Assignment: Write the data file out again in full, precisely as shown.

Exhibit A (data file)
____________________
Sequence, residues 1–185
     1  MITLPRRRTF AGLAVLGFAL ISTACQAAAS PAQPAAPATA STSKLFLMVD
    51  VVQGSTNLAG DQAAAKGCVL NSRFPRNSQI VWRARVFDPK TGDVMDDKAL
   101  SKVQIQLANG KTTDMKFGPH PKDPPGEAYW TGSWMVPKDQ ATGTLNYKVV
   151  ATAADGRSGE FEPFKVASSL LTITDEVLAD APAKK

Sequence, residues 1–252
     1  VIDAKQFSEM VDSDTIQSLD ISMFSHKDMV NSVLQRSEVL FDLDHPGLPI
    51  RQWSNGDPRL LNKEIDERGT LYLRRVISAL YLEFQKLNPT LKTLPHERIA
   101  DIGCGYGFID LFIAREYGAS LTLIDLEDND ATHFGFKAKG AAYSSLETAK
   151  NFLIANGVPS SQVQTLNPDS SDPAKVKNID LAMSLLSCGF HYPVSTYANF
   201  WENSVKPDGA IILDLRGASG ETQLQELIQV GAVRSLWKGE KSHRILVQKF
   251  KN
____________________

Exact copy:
Sequence, residues 1–185
     1  MITLPRRRTF AGLAVLGFAL ISTACQAAAS PAQPAAPATA STSKLFLMVD
    51  VVQGSTNLAG DQAAAKGCVL NSRFPRNSQI VWRARVFDPK TGDVMDDKAL
   101  SKVQIQLANG KTTDMKFGPH PKDPPGEAYW TGSWMVPKDQ ATGTLNYKVV
   151  ATAADGRSGE FEPFKVASSL LTITDEVLAD APAKK

Sequence, residues 1–252
     1  VIDAKQFSEM VDSDTIQSLD ISMFSHKDMV NSVLQRSEVL FDLDHPGLPI
    51  RQWSNGDPRL LNKEIDERGT LYLRRVISAL YLEFQKLNPT LKTLPHERIA
   101  DIGCGYGFID LFIAREYGAS LTLIDLEDND ATHFGFKAKG AAYSSLETAK
   151  NFLIANGVPS SQVQTLNPDS SDPAKVKNID LAMSLLSCGF HYPVSTYANF
   201  WENSVKPDGA IILDLRGASG ETQLQELIQV GAVRSLWKGE KSHRILVQKF
   251  KN